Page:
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Hardware Thread, IWB Interoperability in Technical; Thanks for all the interesting replies to this. Originally Posted by Ric_ An open file format should therefore enhance the ...
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    crispinw's Avatar
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    Re: IWB Interoperability

    Thanks for all the interesting replies to this.

    Quote Originally Posted by Ric_
    An open file format should therefore enhance the opportunities to share materials. The only problem I can foresee is the stifling of innovation
    Which is not to say that you can't have both types - one common format without the bells and whistles for sharing and another proprietary format with the latest gizmos for those who are only working on the proprietary systems. With an equivalent of the “warning: you will lose formatting information” message when you save as a less advanced format. But:

    1. Aren’t there already open file formats which would support most of what is required? Isn't most of the flipchart functionality to do with runtime interactions going on in the classroom (text annotations etc), meaning that templates of material to import into a flipchart, before doing flipcharty type things with it, could be distributed in e.g. PPT, HTML, Flash, PDF (I see that Promethean ActivStudio imports most of these, how well I don’t know).

    2. This still does not address the issue of a free market in flipchart applications. Take the analogy of Windows Media Player - there was no problem with open *formats* (MPG etc. being open), but with anti-competitive bundling of the *application*. If any flipchart application can be used on any hardware, you encourage innovation *and* better compatibility.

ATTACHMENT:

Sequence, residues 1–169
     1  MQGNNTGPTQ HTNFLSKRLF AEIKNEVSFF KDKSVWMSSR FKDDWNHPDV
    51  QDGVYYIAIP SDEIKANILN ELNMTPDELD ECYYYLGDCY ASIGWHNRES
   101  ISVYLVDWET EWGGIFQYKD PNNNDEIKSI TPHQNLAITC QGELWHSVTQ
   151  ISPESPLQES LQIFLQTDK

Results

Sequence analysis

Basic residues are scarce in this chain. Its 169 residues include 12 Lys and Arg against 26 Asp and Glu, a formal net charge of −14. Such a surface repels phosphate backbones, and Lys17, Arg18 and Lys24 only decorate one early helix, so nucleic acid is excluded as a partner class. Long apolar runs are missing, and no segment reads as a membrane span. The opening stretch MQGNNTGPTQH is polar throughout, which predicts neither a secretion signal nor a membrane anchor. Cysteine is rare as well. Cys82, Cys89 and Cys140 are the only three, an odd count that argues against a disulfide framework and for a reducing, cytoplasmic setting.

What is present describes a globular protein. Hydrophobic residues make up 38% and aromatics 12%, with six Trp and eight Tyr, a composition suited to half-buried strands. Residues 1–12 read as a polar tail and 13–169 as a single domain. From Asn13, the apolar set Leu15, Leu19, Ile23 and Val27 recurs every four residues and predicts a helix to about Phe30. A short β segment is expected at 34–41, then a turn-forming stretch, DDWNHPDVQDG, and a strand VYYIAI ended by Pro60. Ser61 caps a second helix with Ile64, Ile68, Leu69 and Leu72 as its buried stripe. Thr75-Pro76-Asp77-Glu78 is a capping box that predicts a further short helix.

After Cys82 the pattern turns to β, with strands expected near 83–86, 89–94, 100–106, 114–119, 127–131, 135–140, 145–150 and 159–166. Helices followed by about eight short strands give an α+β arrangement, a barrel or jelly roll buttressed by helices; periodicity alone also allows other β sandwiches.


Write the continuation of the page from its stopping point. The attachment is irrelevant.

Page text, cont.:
Quote Originally Posted by I suspect it comes down to Cybernerd’s point
    there are no carrots and no sticks to enforce it
    If the board distributers are deliberately nobbling their software to work only with proprietary boards, what is the chance that they will adopt open file formats even if they are available? (I guess everyone will import, but will be very reluctant to export, if that means their own proprietary libraries can be used on competitors’ products).

    Quote Originally Posted by dhicks
    However, it's advantageous for a manufacturer to have a bunch of users with content created in their own proprietary format, unable to switch to a rival's product... [and] ...I figure the less legislation, the better - just a nice open market that lets system compete on technical merits.